The United States continues to battle the fallout from the opioid health crisis that first emerged in the early 90s. It started when pharmaceutical companies began focusing more on eliminating pain versus managing it safely. Women ended up suffering the most, with millions finding themselves trapped in a spiral of opioid addiction. Women also started getting admitted to hospitals because of opioid-related health problems at a higher rate than men in all but 11 states. If you are one of the millions of women struggling with opioid addiction, contact The Willows at Red Oak today at 855.773.0614.
What Are Opioids?
Opioids are a class of morphine-like drugs typically provided to patients for pain relief. Doctors usually prescribe opioids for short-term relief of moderate to severe pain resulting from an injury or surgery. They were also beneficial in helping with pain management in cancer patients.
The use of opioids expanded beyond their original use. Patients began receiving opioids for other conditions like back pain, neuropathic pain, and osteoarthritis. The addictive nature of opioids combined with higher prescription rates increased the number of people in the country with opioid addictions.
How Has the Opioid Crisis Affected Women?
Women have continued using opioids in higher numbers as the crisis continues. The substances range from street heroin to prescription drugs like Fentanyl and oxycodone. Other common forms of opioids include:
Women are more likely to enter a substance use disorder treatment program with some form of medical, psychological, behavioral, or social disorder. They can get to the point of being just as complicated as the addiction.
Doctors prescribe significant levels of opioid prescriptions to women. Furthermore, more women become dependent on opioids after having surgery like a rotator cuff injury, colectomy, or hysterectomy. Heroin use also doubled among women between 2003 to 2012.
Side Effects of Opioid Abuse
Continued opioid abuse can lead to complications like low oxygen levels in the blood, especially when taken alongside alcohol or depressants. Most people who died from an opioid-related overdose took them with alcohol or another drug.
Side effects caused by opioid use include:
- Abdominal pain
- Feelings of drowsiness
- Hormone dysfunction
- Respiratory issues
As women get deeper into opioid addiction, they may have trouble functioning normally without taking the drugs. Moreover, most experts recommend that women struggling with opioid abuse seek professional treatment to wean themselves off the drugs. Trying to quit without medical supervision can take a physical toll on the body that requires medical intervention.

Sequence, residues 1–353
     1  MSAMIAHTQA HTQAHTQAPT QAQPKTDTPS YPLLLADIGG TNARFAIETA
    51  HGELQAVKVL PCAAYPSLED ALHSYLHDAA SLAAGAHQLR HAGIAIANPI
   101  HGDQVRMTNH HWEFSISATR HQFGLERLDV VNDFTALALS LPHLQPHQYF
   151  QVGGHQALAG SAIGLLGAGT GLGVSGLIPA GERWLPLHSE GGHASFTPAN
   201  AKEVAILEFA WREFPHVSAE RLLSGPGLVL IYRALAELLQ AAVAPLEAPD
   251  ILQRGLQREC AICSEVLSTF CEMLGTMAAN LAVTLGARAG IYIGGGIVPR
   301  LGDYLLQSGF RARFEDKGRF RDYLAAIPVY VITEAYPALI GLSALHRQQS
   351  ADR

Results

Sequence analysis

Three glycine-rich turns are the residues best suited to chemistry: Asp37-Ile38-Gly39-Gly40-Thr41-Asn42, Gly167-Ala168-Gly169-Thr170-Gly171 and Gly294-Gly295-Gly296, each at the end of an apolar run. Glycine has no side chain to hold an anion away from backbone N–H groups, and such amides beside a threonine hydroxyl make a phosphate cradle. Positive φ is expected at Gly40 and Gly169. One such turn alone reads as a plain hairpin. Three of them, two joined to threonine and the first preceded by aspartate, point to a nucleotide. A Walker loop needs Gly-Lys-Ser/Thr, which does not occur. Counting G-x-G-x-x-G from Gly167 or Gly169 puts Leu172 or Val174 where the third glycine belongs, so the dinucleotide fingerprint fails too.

How Is Opioid Addiction Treated?
Individuals with an opioid use disorder often benefit from inpatient or outpatient treatment. Admission to a detox program may be necessary before committing yourself to ongoing therapy. Medication-assisted treatment (MAT) for opioid addiction involves administering drugs like methadone or buprenorphine to help with cravings and relieve withdrawal symptoms.
Successful treatment of an opioid condition depends on the client’s commitment and how long they have struggled with opioid addiction. The Willows at Red Oak takes a holistic approach to help women recover from the effects of opioid addiction. We focus on physical, psychological, and mental when it comes to assisting clients in healing and recovering.
Get Treatment at The Willows at Red Oak
Women with opioid addiction often benefit from a gender-specific treatment program. The Willows at Red Oak offers treatment programs focused on the needs of women. We also provide other services designed to treat other substance use disorders.
- Opioid addiction treatment program
- Women’s alcohol addiction treatment program
- Coping skills for women
- Women’s treatment center
Find out more about the women’s opioid addiction treatment program at The Willows at Red Oak by calling 855.773.0614.